Thoughts on why packet accounting will be A Good Thing.

Geoff Goodfellow (
Mon, 18 Apr 88 15:19:26 PST

Packet accounting will make us use "our" networks more efficiently. Packet
accounting will derail the virtual gravy train of network pork bellying we've
grown accustom on "our" network. Packet accounting will engender new
protocols which give us The Look and Feel of today's full duplex, character
at-a-time, remote echo telnets & rlogins with local echo transmit-when-needed

Look how packet accounting networks such as Telenet & Tymnet have developed
vs. "our" networks sans accounting. Packet accounting network users usually
send terminal traffic line at a time and do local character echoing at the PAD
or user telnet level. "Our" networks send telnet/rlogin traffic character at
a time and echo at the remote host. No doubt "their" network is making a
better use of its bandwidth (although "ours" may currently be `nicer' to use
-- but at what cost?). We never really had the incentive to develop austere
networking protocols because "our" network was usage and cost sensitive
"free". Whether your IMP port sent 1 or a 1,000,000 packets a day, week or
year, the cost was the same.

Old Time Network Boys will remember the ARPANET's attempt in the early 70's at
local echoing of telnet with RCTE via NCP. As i recall from that time, the
purpose of RCTE was for the users in Hawaii, London/UK & Oslo/Norway to
receive fast/local-like character echoing, not really to cut down on network
traffic. I think the TIPs (what today's TACs were previously called), Tenex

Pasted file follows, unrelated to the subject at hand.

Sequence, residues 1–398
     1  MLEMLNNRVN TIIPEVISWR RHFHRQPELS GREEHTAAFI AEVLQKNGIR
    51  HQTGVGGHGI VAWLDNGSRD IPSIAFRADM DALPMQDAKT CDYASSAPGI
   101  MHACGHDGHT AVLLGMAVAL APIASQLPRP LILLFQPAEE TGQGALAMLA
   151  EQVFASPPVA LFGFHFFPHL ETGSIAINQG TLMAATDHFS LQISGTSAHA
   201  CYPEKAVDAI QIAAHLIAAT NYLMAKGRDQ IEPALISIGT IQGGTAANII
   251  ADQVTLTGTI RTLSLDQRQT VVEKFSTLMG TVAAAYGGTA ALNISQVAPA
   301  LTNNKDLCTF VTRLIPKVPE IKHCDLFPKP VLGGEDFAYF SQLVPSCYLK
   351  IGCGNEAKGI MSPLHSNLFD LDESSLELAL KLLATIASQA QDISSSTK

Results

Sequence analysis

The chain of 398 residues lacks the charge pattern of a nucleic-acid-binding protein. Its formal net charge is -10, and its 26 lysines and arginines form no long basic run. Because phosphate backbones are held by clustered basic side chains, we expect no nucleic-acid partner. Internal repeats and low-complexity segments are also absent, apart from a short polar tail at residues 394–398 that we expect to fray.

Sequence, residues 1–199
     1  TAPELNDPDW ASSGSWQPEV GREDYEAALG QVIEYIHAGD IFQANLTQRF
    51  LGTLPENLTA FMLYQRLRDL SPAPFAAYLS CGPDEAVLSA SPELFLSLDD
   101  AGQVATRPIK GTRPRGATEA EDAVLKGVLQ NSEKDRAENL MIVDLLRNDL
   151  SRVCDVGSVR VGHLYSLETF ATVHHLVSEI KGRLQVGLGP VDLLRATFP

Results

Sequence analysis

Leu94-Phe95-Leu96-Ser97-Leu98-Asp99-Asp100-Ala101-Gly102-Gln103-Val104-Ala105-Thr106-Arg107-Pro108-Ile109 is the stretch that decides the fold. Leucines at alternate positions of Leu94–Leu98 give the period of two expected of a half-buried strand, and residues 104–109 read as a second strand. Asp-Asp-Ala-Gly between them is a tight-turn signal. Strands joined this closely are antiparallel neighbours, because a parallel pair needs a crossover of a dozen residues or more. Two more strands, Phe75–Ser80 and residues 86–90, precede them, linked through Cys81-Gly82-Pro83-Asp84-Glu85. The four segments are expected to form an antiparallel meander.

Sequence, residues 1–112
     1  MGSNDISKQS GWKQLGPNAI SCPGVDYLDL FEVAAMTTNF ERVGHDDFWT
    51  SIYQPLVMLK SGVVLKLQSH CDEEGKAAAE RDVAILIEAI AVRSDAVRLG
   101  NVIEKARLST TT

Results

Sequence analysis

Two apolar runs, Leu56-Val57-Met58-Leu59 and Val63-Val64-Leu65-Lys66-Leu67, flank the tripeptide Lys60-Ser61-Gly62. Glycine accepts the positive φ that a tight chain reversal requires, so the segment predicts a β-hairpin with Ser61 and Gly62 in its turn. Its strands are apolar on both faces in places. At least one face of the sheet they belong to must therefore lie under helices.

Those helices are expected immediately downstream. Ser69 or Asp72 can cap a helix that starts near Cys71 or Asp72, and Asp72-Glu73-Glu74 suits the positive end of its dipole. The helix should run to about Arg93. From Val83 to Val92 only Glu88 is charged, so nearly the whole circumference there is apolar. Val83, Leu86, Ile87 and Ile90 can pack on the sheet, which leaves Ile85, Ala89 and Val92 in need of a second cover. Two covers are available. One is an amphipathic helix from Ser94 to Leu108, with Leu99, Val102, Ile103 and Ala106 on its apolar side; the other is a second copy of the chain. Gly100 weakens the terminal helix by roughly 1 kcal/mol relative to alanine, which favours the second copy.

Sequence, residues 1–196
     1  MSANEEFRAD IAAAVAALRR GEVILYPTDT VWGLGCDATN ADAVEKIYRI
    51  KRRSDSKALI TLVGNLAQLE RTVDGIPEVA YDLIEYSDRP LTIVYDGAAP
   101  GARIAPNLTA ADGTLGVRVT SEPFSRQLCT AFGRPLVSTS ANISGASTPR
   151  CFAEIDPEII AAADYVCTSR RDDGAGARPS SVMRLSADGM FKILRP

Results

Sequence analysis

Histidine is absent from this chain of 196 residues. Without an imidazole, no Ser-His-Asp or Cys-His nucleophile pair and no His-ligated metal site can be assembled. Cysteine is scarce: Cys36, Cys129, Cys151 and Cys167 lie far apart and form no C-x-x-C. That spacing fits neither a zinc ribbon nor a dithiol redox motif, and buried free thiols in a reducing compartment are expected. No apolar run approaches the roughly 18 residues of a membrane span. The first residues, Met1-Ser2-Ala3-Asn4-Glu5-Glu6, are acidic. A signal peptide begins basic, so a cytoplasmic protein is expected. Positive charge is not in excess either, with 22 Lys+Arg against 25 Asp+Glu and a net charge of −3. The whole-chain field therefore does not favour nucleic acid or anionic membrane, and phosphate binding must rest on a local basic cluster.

and MIT-Multics were the only hosts to implement RCTE. RCTE was never fully
debugged and used in an operational mode (and i recall Mit-Multics only used
RCTE to turn off echoing for passwords at login time). It did not seem to
survive the NCP to TCP/IP transition. R.I.P RCTE

Network bandwidth conservation is not only A Good Thing for "our" networks,
but is an important efficiency in some networking technologies which have very
finite amounts of bandwidth available to them such as packet radio, cellular
and satellite. With these technologies in the commercial market place, it's
not always possible to throw more capacity to gain bandwidth. There is only
so much radio spectrum available. We need to be so ever parsimonious with our
existing bandwidth/spectrum as possible.

Perhaps packet accounting will bring about the networking equivalent of the
70s energy crisis. Fuel efficiency considerations and non OPEC sources of
energy suddenly became the seminal issues of the day. Research and
development ensued for more efficient motors. Alternate forms for fuel were
explored and some developed such as synthetic. May necessity be "our" mother
of invention too.
  Geoff Goodfellow fernwood! ..!sri-unix!fernwood!Geoff

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